Students excluded from President’s address

Carly Davis

President Steve Bahls gave the State of the College address on Feb. 11, updating faculty on how Augustana has fared since the last address was given in 2019.
The State of the College address is given annually, and is usually at the same time as the U.S. President’s State of the Union address. It presents information that is important to Augustana and gives updates on the administrative side of the school. 
In the past, the address has covered student retention rates throughout the year. It reports the number of students staying at Augustana, dropping out of the school or transferring to other institutions. It also updates faculty on student growth in accordance with Augustana 2020 – a document outlining Pres. Bahls’s focused goals for the college in the future. It also covers the annual budget and administrative initiatives, according to the Augustana website. 
Faculty and staff are invited to attend if their schedules do not conflict with the event. Because of this, students and busy faculty are not able to hear how the school is doing. In fact, most students are not aware the address happens at all without being alerted by faculty.
“I think the students who go here have a right to know what’s going on,” sophomore Elisa Wynn said. “I think that we have a right to be up to date. We’re paying a lot of money to attend school here and we should be able to know what’s going on.”
The State of the College is not shared online, like some campus events. Augustana functions, such as select theatre events or WAUG broadcasts, can be live-streamed and shown on either social media or in campus locations. Unlike those events, tickets for the public and students are not available for the address and it is invite-only for faculty and staff.
“I feel like having an in-person address would be good if you gave the opportunity for questions. More like [a forum] than talking at you,” Wynn said. “But I still also think it would be a good idea to have it put online where people can access it.”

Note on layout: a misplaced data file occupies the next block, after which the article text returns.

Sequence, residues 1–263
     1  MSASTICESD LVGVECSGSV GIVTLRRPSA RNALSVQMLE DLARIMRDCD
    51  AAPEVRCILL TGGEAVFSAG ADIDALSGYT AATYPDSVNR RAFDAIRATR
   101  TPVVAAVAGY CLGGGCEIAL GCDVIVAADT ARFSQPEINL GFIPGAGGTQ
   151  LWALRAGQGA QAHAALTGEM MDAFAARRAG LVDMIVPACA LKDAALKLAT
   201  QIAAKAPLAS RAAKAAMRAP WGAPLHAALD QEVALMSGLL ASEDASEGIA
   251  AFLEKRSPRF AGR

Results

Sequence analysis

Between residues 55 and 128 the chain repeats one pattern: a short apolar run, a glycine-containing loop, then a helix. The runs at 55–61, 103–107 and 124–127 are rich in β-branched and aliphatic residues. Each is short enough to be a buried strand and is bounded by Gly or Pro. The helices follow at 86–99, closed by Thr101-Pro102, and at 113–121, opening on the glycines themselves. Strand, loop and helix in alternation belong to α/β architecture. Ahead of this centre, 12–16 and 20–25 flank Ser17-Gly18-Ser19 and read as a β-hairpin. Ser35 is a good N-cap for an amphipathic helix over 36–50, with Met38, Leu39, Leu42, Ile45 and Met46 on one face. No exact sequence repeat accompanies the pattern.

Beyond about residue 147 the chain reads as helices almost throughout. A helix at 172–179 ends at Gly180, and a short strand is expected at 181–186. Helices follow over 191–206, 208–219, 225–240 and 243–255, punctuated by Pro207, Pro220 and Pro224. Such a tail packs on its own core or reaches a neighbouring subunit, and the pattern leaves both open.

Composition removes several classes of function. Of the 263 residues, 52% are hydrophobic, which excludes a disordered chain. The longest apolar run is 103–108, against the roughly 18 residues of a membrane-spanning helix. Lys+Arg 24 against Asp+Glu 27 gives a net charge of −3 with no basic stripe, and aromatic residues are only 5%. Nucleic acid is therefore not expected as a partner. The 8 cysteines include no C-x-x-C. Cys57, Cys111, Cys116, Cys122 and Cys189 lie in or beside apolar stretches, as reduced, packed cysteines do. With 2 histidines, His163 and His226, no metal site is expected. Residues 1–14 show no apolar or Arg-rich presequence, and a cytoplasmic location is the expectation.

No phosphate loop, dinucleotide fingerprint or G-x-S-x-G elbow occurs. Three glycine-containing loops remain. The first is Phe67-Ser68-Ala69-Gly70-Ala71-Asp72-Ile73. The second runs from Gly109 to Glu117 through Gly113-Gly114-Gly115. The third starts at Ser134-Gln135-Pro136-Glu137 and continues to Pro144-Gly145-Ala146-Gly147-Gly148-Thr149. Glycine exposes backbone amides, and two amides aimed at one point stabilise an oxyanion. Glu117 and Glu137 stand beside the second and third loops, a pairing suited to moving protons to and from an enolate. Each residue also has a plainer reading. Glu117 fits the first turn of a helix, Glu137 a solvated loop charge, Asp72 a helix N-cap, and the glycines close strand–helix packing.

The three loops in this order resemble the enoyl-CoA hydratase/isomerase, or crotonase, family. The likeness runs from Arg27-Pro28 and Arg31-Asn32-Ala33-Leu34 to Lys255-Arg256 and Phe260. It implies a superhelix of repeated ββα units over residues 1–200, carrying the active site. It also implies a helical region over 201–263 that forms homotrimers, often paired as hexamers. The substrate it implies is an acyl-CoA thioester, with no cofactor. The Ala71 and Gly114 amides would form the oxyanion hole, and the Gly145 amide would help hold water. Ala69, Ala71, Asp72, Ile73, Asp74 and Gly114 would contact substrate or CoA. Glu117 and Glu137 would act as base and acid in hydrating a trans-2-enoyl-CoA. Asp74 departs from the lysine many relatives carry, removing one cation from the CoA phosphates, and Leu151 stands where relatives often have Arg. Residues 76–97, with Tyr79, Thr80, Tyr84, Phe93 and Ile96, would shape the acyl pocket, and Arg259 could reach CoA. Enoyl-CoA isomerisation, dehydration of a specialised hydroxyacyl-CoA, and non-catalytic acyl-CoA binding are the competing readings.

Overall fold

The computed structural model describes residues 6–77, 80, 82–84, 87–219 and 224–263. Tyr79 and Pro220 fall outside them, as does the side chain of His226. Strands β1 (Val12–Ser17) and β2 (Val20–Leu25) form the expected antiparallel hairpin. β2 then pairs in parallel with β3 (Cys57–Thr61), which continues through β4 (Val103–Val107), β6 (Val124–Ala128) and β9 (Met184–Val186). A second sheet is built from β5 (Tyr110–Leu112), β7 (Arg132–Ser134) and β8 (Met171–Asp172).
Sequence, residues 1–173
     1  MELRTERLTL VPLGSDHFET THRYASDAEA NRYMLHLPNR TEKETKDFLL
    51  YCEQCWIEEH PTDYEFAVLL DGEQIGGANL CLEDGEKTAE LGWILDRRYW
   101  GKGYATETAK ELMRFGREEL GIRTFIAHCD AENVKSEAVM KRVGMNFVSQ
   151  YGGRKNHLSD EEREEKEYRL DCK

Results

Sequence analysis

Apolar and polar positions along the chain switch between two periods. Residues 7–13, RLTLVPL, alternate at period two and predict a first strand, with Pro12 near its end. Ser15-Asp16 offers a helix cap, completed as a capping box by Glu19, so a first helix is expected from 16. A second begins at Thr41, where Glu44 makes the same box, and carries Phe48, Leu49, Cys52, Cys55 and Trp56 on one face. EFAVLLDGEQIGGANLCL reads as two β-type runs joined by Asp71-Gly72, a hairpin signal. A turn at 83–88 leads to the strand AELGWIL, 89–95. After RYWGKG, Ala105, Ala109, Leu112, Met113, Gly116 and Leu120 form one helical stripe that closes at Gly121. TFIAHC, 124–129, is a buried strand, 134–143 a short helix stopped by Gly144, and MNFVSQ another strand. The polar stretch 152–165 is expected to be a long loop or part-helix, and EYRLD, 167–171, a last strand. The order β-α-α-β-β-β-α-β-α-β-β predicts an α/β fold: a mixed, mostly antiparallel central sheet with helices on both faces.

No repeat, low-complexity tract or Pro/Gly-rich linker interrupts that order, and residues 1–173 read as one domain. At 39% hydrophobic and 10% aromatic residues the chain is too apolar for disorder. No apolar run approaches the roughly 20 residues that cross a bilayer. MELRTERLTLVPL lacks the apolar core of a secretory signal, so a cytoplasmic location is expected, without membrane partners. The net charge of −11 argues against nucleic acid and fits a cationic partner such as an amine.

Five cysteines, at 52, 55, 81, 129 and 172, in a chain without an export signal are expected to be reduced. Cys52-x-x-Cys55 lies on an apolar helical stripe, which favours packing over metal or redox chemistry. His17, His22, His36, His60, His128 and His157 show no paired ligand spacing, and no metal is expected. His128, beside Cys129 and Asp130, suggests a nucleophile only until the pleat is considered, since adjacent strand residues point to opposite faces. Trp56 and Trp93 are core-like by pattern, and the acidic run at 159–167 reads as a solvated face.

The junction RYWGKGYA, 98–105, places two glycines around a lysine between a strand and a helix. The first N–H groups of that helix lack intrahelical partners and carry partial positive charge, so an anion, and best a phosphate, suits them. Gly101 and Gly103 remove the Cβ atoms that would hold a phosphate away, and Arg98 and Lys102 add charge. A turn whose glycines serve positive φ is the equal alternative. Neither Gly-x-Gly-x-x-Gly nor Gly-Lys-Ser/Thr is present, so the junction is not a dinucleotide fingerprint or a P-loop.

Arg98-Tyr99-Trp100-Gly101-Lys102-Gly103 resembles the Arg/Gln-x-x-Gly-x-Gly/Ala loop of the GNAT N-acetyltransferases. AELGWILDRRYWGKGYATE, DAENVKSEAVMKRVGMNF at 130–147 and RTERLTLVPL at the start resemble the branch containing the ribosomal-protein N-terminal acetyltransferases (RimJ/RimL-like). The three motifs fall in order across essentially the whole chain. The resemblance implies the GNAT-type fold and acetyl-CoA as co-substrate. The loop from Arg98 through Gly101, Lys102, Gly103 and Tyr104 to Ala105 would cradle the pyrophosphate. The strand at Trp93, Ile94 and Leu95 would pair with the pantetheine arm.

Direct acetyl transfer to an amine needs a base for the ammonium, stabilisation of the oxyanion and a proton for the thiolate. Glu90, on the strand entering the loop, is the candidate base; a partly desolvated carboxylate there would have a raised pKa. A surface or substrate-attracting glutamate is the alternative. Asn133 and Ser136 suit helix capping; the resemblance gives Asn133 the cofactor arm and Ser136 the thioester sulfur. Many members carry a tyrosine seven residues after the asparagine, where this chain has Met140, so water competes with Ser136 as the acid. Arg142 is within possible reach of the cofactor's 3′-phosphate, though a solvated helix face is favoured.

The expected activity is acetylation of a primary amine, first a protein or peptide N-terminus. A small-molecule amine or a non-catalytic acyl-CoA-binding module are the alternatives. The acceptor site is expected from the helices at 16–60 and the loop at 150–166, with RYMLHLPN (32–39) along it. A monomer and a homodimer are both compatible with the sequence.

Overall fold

Any information shared during the State of the College is not published for students at a later time. Without asking faculty and staff who attended, students will not know what was shared. 
“I feel like any information not given to the public is useless. We’re living in the digital age, we could have someone recording it,” junior Alexander Lunde said. “I think it’s stupid not sharing it.”
While students miss out on any information shared during the address, faculty and staff who do not attend do not have access to it either.
“I think people hear bits and pieces of the information in different committees or in different conversations on campus,” Librarian Anne Earel, who had been scheduled to work during the address, said. “But unless you’re there you don’t really get the synthesis of it all being said at one time.”
Employees are invited to the address a week in advance and are consequently unable to request off during that time so that they can attend. “I wish they would offer them either more than one time during the week or give us more advanced warning,” Earel said.
“I feel it all kind of comes down to like, we’re the students here,” Wynn said. “It’s issues that are important to us, and at the very least, we should have the right to know.”